He was hired to help think through the company’s approach to student and personal loans.
The site already had some information about the perils of payday loans. A representative from the NAACP in Alabama had noted NerdWallet’s interest in the topic and invited Zhang to speak at a conference.
Meeting people who were up to their ears in such loans radicalized him. It also got him thinking. Somebody had to be investing money in these lenders, given how large they had become. But who were they?
He found a private-equity firm called JLL Partners had put money into ACE Cash Express, a payday lender that had just paid $10 million in refunds and penalties in a Consumer Financial Protection Bureau enforcement action. And who was investing in JLL? University endowments and state pension funds, including the one in New Jersey, where payday lending is illegal.
While the investments themselves didn’t violate rules, Zhang said he didn’t think financial-aid recipients who benefit from endowment earnings and retired state workers would feel good about it. So he and his colleagues passed their findings on to the news media.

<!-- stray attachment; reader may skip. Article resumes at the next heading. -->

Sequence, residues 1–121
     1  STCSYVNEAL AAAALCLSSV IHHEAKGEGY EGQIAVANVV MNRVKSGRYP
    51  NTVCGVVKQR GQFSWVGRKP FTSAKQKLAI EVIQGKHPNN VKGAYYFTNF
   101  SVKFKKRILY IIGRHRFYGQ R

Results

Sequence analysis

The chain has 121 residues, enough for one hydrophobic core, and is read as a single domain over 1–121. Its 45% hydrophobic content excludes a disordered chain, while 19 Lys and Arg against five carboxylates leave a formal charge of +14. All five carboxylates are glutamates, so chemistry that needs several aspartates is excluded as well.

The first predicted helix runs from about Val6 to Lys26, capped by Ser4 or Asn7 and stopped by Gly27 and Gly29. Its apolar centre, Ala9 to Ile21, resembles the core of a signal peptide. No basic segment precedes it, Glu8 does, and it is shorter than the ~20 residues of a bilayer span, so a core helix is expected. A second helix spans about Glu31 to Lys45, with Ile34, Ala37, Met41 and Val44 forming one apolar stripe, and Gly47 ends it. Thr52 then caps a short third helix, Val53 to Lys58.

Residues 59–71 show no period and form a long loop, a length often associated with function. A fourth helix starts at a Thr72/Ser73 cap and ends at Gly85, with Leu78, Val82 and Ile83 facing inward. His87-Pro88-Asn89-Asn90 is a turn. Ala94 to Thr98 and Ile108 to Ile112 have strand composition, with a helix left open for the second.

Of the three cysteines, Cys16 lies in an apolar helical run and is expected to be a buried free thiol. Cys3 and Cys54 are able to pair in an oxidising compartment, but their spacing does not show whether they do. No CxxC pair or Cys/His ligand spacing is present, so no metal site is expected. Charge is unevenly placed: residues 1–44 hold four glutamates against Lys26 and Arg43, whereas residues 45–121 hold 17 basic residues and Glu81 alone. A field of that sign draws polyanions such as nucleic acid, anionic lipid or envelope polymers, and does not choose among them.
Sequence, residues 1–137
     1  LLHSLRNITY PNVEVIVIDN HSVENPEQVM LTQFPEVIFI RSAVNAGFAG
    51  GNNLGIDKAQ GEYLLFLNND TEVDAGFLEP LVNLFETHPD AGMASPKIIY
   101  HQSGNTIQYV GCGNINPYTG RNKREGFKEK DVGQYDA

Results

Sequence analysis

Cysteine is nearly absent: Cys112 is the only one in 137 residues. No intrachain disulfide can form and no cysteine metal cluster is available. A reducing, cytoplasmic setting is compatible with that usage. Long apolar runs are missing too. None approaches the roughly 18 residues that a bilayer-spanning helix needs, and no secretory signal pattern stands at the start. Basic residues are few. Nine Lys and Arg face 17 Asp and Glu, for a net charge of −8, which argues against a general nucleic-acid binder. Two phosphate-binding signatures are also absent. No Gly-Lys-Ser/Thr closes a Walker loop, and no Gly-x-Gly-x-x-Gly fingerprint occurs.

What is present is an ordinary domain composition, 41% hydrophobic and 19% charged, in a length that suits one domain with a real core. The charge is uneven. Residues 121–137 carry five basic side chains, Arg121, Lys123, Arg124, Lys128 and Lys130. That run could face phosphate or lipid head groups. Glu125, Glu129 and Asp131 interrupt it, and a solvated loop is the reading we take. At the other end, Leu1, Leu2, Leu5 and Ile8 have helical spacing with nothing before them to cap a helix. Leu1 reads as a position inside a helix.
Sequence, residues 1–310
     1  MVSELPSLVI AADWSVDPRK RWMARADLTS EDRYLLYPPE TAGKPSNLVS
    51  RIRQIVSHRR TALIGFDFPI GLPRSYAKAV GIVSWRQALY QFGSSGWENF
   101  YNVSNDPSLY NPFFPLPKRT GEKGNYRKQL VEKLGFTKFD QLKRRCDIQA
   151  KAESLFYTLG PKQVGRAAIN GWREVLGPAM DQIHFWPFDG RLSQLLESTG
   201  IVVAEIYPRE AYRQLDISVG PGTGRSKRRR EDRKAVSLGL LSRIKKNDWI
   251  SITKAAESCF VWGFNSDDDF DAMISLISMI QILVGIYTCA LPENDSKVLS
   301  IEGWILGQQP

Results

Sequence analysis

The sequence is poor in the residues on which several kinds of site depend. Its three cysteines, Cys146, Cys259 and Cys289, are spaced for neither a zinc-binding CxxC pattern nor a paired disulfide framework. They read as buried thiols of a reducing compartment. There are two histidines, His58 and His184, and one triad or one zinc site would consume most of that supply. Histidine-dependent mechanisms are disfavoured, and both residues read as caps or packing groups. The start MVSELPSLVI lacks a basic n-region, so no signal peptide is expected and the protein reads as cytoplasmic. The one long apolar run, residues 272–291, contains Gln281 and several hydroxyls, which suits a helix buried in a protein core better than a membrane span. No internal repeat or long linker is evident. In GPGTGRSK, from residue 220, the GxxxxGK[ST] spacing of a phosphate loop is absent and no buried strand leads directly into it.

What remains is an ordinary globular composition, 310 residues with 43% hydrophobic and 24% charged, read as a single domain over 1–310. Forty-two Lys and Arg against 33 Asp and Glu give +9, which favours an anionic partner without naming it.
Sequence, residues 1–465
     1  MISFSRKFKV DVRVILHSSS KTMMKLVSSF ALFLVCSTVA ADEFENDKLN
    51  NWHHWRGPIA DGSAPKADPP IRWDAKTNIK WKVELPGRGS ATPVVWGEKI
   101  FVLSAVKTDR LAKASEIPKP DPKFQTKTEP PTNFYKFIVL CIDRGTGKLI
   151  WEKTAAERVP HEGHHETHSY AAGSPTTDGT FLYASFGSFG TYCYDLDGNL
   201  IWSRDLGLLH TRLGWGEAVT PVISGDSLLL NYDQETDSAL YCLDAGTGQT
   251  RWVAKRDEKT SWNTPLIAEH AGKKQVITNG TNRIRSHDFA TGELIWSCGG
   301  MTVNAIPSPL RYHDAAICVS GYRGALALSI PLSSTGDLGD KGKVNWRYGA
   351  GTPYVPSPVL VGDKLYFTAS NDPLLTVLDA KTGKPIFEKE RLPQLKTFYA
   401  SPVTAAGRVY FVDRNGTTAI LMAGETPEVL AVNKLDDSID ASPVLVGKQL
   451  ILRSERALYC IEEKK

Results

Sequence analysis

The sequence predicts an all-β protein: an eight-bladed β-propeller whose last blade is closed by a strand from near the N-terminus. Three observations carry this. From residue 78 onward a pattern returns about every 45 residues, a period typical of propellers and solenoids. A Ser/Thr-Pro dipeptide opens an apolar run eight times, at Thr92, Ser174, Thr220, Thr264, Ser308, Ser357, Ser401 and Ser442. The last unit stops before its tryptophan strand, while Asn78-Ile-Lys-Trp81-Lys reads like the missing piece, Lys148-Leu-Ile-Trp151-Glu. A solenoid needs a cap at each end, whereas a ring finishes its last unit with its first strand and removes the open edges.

Beverly Brown Ruggia, an organizer with New Jersey Citizen Action, first read about it in Fortune. “I was incredulous,” she said. Her organization and several other policy, advocacy and faith-based groups banded together and helped persuade the state to get out of the investment.
Next, Zhang turned to figuring out how to keep more consumers away from the ACEs of the world. He and his colleagues knew from a Pew Charitable Trusts report on payday lending that about one-third of borrowers got their loans online and tended to pay more when they did.
NerdWallet set about trying to attract them to its site first.
A small experiment intended to draw borrowers to the site drew hundreds of clicks from Google each day from people looking for cheap payday loans. Lenders approached NerdWallet with an offer to pay it $60 in commission on a $200 loan, knowing that many borrowers end up repeatedly rolling their loans over into new loans and paying effective annual interest rates well into the three figures.
“I asked them whether they would take the $60 and give that discount to the borrower, but they wouldn’t,” Zhang said. “Their business model is based on repeat customers, so if someone repays their loan, they don’t make money.”
Eventually, NerdWallet settled on a pro bono effort whereby it would earn no commission and send consumers only to nonprofit lenders with lower interest rates or to governmental organizations that offer short-term assistance. It began with links to 44 entities in California and Texas. The company plans to add more over time.
While NerdWallet will make no money in the short term from its payday-lending redirection, it is well aware that people in financial trouble now could be customers next year.
“If we do this well, we can rehabilitate people in a tough spot,” Zhang said. “In six months, when she needs a credit card or wants to start investing, she’ll come back. That’s the best type of bet that we can make.”